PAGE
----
Drugs That Killed 50,000 Americans; Cases of Overdose Going Out Of Control
The top ten killer drugs that are listed on death certificates of those who died due to drug overdose have been the same since 2010, but the order has changed over the years. Heroin is already the top overdose killer of Americans, while deaths related to fentanyl has already doubled.
Drug overdose reportedly killed 50,000 Americans last year, according to a report by NBC. Margaret Warner of National Center for Health Statistics (NCHS) are looking into data from 2010 to 2014 to pinpoint which drugs are mostly abused that have led to death.
In their report, Warner wrote that overdose of heroin drug has tripled from 3,020 to 10,863, while methamphetamine has already doubled.
The Food and Drug Administration (FDA) and Centers for Disease Control and Prevention (CDCP) have issued guidelines on usage to limit prescriptions of the killer drugs. The former has also issued a warning on combining anxiety drugs with opioids.
In 2013, 1.9 million people were reported to have abused the opioid pain medication. The following year, more than 47,000 Americans have died from drug overdose. Dr. Caleb Alexander, co-director for John Hopkins Center for Drug Safety and Effectiveness said that health officials and other leaders should focus on the growing addiction and drug abuse problem.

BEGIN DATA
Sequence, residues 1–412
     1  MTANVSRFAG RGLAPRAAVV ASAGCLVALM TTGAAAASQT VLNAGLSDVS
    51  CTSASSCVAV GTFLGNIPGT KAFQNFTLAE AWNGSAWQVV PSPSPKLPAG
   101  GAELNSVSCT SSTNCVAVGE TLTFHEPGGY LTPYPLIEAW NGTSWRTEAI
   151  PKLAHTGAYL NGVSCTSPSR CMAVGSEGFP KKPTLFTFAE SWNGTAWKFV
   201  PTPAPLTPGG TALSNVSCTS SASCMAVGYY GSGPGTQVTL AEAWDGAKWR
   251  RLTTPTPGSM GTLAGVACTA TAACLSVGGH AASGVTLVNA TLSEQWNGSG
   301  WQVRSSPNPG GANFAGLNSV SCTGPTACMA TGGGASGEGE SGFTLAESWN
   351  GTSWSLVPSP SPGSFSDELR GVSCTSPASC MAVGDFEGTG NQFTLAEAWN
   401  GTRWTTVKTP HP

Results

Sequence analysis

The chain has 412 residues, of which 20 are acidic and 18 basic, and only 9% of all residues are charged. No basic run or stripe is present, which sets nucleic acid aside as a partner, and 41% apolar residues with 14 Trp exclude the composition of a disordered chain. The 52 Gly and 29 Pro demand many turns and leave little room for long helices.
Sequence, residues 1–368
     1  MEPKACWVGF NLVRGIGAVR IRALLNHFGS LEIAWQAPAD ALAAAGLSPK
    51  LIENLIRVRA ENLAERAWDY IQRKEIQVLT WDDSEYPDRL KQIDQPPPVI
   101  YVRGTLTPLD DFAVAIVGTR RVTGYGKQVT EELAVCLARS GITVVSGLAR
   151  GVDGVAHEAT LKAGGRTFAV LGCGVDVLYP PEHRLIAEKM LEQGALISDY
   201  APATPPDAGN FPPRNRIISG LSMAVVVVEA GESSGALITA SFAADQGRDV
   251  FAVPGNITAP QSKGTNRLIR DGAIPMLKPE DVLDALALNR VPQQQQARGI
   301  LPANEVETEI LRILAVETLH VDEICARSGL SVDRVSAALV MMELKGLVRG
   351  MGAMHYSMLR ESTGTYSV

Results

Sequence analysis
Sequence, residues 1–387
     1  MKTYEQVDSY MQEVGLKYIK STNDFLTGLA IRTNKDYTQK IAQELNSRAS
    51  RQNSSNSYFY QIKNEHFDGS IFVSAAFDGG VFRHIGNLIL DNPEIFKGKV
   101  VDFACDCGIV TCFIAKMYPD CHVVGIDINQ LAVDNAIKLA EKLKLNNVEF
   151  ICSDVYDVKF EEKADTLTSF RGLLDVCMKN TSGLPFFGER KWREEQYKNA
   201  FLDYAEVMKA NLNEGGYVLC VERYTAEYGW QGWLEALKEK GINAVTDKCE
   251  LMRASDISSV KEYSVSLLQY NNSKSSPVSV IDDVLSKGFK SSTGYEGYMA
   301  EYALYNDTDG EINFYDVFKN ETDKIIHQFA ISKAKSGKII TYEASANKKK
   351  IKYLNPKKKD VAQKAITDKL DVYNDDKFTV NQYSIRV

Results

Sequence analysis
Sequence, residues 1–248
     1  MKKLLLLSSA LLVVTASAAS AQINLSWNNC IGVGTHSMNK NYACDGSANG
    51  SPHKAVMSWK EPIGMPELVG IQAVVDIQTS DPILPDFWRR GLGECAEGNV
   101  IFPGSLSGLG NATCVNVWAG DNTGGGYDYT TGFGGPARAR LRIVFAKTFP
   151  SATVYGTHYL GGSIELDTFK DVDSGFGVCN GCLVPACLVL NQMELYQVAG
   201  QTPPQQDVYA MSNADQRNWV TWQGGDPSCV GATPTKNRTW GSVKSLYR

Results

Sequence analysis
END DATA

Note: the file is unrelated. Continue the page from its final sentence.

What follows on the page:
Other drugs mentioned on death certificates were other forms of opioids, stimulants and benzodiazepines which are used to treat anxiety or insomnia. ABC News reported the ten most abused drugs that led to mortality in this order: heroin, oxycodone, methadone, morphine, hydrocodone, fentanyl, cocaine, methamphetamine, alprazolam (Xanax) and diazepam (Valium).
Patients become addicted to prescribed painkillers at first but when it becomes too expensive, they go to the streets for cheaper variants. In the last few years, the United States was reported to have seen an influx of illegal Chinese supplies of drugs.
In Ontario, fentanyl is the leading cause of opioid death, while hydromorphone (Dilaudid) comes in second. The latter is used to treat moderate to severe pain and is considered extremely addictive.